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Enjoy the small moments to live a more meaningful life

It can be easy to detach ourselves from the world around us, but stay attached. Seek connection: small moments, kind words, a helping hand. And hum your favourite tunes to inspire and uplift your soul.

Do you have any favourite songs for difficult times—songs that calm you’re when your stressed or uplift you when you’re sad? Perhaps you have a tune that you hum when you’re trying to figure out what you’re doing or why you’re here. You may not remember the lyrics but the tunes sooth your mind and soul. Perhaps, like Jewish nigunim (melodies), you sing your song with sounds that are beyond language, just syllables to carry your emotions away from whatever is troubling you into happier thoughts and feelings. Some of my favourite songs don’t have words, while others offer profound messages of hope and purpose.

One such song is Neshomele by Abie Rotenberg, a Jewish musician, composer, and entertainer from Toronto. It is the story of a pure soul (Neshomele) that is summoned to be the spark and soul of a child who is waiting to be born. Neshomele is afraid to go into the physical world because there is pain and evil there. An angel shows Neshomele that there is good in the world, too. With the hope of being able to bring good to the world, Neshomele enters the newborn child. The angel’s final task is to tap the child on the lip so that the Neshomele forgets everything it knows. After a moving musical interlude that represents a lifetime, the angel comes to take Neshomele home, back to heaven, but Neshomele is afraid to go. The angel assures Neshomele that they are going home to heaven, and that Neshomele has earned a place by the throne.

So, why is Neshomele one of my favourite songs? Because it speaks of life before life and life after life: the life of the soul.

When I was in my early teens, I felt that I was a spiritual being living a physical existence. Nothing that has happened in my life since then has changed that belief. I still sometimes wonder what I am doing here. Jewish tradition holds that a soul may come into this world and live for a lifetime just to do a favour for someone else. Since we don’t know exactly for whom we are supposed to do a favour, we can see every favour we do for another person as the reason our soul came to this world.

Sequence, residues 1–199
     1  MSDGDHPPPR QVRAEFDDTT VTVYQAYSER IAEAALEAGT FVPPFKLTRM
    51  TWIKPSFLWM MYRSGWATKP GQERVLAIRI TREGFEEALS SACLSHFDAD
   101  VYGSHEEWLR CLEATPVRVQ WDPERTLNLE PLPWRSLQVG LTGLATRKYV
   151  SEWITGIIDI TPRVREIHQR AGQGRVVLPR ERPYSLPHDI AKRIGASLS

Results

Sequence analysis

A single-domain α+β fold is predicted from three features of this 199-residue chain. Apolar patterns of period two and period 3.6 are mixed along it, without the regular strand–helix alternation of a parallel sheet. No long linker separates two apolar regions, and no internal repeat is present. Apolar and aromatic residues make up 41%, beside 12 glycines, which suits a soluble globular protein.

This world we live in is temporary; our time here is finite. Every day when we wake up, we have something that we’re supposed to do that only we can do. No one else can do it for us. When we help someone else, we experience one of the key reasons we are here on this physical plane. Even in this technically connected yet physically disconnected world, we can share good news stories, words of encouragement, congratulations for accomplishments, and heartfelt consolations when sad times occur.

It can be tempting to detach ourselves from the world around us. However, if we approach life with the idea that we are spiritual beings living a physical existence, then there is no need to detach. We were detached before we came here, and we will be detached when we pass on to the World to Come.

So, stay attached. Seek connection: small moments, kind words, a helping hand. And hum your favourite tunes to inspire and uplift your soul.

Today, May 27, is the second day of Shavuot, the festival that commemorates the revelation of the Torah on Mt. Sinai to the Jewish people. But this isn’t something we celebrate as history; we celebrate it as memory. Our souls were all there at Mt. Sinai—proof of life before life.

Fiona Prince, MA is a coach and teacher who provides fundamental communication and writing skills through her own company and through Royal Roads Professional & Continuing Studies. Fiona acknowledges that her home and office are located on the traditional territories of the W̱SÁNEĆ and Lkwungen-speaking peoples, on whose traditional territories, she is thankful to live, learn, play, and do her work.  She worships at the Chabad Family Shul in Victoria where she volunteers teaching children and adults how to read Hebrew.

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* This article was published in the print edition of the Times Colonist on Saturday, March 27th 2023